Duke has found that the P08 “Luger” (right) is very finicky about functioning with anything
but FMJ roundnose bullets while the FN P35 “Hi-Power” (left) feeds well with all types of loads.
The Japanese adopted a 9mm revolver late in the 19th century but
continued to issue it during WWII. It was named the Type 26.
For reloading the 9mm Luger (Parabellum) Duke uses both lead alloy bullets and jacketed bullets.
From left (above) 9mm NATO factory load, handload with Lyman 356242 (120 grains), handload with
Oregon Trail 124-grain roundnose, and handload with Zero Bullet Company 115-grain FMJ. The
“9mm’s” Duke has been shooting and reloading for include (below, left to right) the 9mm Kurz
(.380 Auto), 9mm Makarov, 9mm Luger (Parabellum) 9mm Japanese Revolver and .38 Super.
A reader recently took me to task for calling my Colt .380 Pocket Model a “Model 1908.” In the strict sense he was correct. Colt never called them such. But neither did they ever call their .36 Navy revolvers “Model 1851.” Both Model 1908 and Model 1851 are terms devised by modern collectors. My Colt got that date because it was the year .380 ACP was added as a caliber option. Here’s another fine idea for a pistol termed “Pocket Model.” There is nary a sharp edge anywhere on it. It is lacking a bit in the sight department, but it was meant for only one thing—close range personal protection.
The same thing goes for my Hungarian-made PA63 9mm Makarov. Its purpose is to ensure my and my wife’s safety. How did a gun’riter so focused on Old West and other historical firearms come to appreciate a knockoff of the Walter PP? Because it was priced at only a C-note, is why! With its aluminum frame, the little thing has more recoil than one would ever expect from a load firing a 95-grain bullet. For a while back in the 1990’s its military surplus ammunition was plentiful. Not so much today, but good American-made factory loads are around.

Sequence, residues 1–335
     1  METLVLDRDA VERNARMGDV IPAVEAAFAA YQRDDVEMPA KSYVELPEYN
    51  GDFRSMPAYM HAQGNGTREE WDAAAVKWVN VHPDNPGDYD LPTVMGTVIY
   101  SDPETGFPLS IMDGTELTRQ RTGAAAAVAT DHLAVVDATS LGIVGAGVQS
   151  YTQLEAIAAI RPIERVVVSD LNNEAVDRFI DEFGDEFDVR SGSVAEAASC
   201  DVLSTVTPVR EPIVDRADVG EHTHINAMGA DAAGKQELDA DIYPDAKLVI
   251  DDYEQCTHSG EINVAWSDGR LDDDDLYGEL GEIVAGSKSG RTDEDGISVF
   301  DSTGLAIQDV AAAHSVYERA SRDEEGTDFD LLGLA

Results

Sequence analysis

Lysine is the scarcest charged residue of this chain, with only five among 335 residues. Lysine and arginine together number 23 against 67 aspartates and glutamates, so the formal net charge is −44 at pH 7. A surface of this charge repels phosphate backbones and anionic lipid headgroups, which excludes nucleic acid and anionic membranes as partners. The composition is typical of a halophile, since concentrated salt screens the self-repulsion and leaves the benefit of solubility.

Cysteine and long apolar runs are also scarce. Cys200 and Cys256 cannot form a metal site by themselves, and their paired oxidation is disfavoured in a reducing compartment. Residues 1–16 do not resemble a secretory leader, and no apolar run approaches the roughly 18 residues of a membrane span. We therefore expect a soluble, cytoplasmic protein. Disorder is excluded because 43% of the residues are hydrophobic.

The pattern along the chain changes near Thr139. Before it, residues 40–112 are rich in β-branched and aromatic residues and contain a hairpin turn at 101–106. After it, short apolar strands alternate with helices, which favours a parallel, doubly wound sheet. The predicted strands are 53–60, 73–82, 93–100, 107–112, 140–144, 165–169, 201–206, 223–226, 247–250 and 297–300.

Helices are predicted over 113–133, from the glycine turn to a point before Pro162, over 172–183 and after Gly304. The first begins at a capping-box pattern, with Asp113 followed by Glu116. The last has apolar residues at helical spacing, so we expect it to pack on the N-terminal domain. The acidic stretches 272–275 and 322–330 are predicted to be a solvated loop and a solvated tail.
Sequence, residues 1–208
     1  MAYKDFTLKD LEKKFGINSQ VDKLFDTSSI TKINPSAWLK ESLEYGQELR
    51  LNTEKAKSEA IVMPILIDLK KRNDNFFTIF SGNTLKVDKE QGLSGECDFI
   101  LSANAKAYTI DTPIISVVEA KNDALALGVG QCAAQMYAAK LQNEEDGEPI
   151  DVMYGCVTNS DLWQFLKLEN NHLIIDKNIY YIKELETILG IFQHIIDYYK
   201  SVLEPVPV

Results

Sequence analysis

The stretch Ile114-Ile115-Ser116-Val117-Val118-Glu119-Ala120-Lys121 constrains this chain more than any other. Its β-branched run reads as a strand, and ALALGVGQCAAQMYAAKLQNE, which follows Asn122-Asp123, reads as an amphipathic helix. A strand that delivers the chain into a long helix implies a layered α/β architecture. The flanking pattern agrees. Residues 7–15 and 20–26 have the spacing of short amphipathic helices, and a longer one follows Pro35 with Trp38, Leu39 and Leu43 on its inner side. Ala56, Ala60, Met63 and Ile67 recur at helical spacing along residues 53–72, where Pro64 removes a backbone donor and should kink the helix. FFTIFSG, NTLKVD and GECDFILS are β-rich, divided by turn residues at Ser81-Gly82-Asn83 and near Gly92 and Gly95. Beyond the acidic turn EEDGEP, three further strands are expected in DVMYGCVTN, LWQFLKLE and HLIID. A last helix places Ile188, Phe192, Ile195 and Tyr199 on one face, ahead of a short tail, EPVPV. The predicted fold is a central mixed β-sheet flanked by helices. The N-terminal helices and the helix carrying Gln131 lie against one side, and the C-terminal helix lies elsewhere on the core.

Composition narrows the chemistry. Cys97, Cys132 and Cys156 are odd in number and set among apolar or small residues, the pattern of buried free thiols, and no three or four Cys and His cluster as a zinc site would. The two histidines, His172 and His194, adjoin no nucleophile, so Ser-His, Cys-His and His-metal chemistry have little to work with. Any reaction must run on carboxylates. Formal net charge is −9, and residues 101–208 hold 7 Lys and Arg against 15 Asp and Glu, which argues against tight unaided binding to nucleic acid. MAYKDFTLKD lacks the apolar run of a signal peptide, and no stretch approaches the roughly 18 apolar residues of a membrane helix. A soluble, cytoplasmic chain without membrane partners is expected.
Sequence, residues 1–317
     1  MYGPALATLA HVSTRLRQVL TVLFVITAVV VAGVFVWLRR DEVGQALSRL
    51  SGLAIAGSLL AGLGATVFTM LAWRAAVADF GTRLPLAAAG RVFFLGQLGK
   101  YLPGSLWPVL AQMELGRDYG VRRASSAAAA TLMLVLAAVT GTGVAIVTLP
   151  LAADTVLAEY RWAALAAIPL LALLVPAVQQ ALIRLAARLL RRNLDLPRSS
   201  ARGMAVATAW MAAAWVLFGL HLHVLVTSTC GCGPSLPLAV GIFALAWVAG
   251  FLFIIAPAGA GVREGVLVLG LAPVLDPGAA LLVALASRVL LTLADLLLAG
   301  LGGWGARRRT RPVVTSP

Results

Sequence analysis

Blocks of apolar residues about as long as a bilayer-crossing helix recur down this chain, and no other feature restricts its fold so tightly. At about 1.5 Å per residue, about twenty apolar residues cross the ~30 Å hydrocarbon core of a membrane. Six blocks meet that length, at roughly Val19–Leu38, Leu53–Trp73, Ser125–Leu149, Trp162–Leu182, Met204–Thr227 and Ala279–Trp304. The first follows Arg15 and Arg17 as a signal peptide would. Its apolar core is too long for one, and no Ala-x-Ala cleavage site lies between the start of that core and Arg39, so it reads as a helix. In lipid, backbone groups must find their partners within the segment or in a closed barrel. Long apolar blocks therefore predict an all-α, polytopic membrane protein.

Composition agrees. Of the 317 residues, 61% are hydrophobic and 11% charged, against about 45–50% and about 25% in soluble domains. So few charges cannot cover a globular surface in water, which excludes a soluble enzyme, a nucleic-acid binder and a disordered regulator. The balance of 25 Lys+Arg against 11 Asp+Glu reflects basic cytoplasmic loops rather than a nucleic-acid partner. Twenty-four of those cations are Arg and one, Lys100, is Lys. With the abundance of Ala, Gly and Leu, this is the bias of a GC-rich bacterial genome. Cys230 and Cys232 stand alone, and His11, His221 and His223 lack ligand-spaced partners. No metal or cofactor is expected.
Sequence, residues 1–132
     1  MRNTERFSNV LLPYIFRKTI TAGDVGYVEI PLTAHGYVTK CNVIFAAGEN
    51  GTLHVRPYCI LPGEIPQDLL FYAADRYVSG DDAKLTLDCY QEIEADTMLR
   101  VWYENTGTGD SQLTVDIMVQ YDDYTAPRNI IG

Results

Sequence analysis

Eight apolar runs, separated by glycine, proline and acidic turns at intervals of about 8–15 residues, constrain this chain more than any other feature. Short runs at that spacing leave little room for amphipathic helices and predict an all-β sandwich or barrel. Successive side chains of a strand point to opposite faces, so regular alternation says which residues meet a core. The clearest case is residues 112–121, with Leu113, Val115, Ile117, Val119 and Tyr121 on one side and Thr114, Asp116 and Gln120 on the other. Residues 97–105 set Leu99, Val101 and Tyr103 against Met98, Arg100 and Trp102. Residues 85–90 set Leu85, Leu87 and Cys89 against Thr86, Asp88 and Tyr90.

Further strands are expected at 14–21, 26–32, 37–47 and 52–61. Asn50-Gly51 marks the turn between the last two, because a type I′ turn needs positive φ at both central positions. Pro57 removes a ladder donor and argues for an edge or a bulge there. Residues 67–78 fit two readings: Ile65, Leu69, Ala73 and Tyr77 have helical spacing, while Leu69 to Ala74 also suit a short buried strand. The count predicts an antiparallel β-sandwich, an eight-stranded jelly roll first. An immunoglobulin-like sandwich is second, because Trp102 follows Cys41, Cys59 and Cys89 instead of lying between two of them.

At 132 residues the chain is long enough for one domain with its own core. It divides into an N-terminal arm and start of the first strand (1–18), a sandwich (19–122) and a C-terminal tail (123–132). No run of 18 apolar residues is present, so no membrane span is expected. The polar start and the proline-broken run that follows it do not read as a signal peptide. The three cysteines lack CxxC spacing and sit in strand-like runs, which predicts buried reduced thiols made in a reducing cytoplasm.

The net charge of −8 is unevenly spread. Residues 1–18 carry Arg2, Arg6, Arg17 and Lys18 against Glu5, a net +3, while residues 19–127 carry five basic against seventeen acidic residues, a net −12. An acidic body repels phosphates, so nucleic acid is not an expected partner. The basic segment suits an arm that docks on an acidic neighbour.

My oddest 9mm handgun is one of the Japanese Type 26 9mm revolvers. This was their standard handgun for cavalrymen in the early 20th century but then in WWII it was mostly given to non-commissioned officers. It is double-action only, with a top-break mechanism for loading and unloading. Its military ammunition was rated as having a 149-grain bullet with a muzzle velocity of 750 fps. (Source: Military Small Arms Of The 20th Century 7th Edition). Commercial factory ammunition is and always has been nonexistent but handloads can be put together by altering .38 Special cases. They need be shortened to 0.86-inch and rim thickness narrowed to 0.050-inch. Then 147-grain 9mm lead alloy bullets work perfectly.
My newest “9mm” is a .38 Super. Lately I got it into my head that I needed a shiny .38 Super and bought the first one encountered. It is actually highly polished stainless steel Colt 1911, which according to the Internet was from an overrun actually intended for export “south of the border.” At this writing I’ve barely shot it, but plan an extensive reloading project for it after this Montana winter.
The above are five 9mm rounds, which I’ve been shooting and for which I’ve been reloading. And I have not even scratched the 9mm surface yet, there are many others such as 9mm Steyr, 9mm Browning and 9mm Largo and they may need my attention someday.
By Mike “Duke” Venturino
Photos By Yvonne Venturino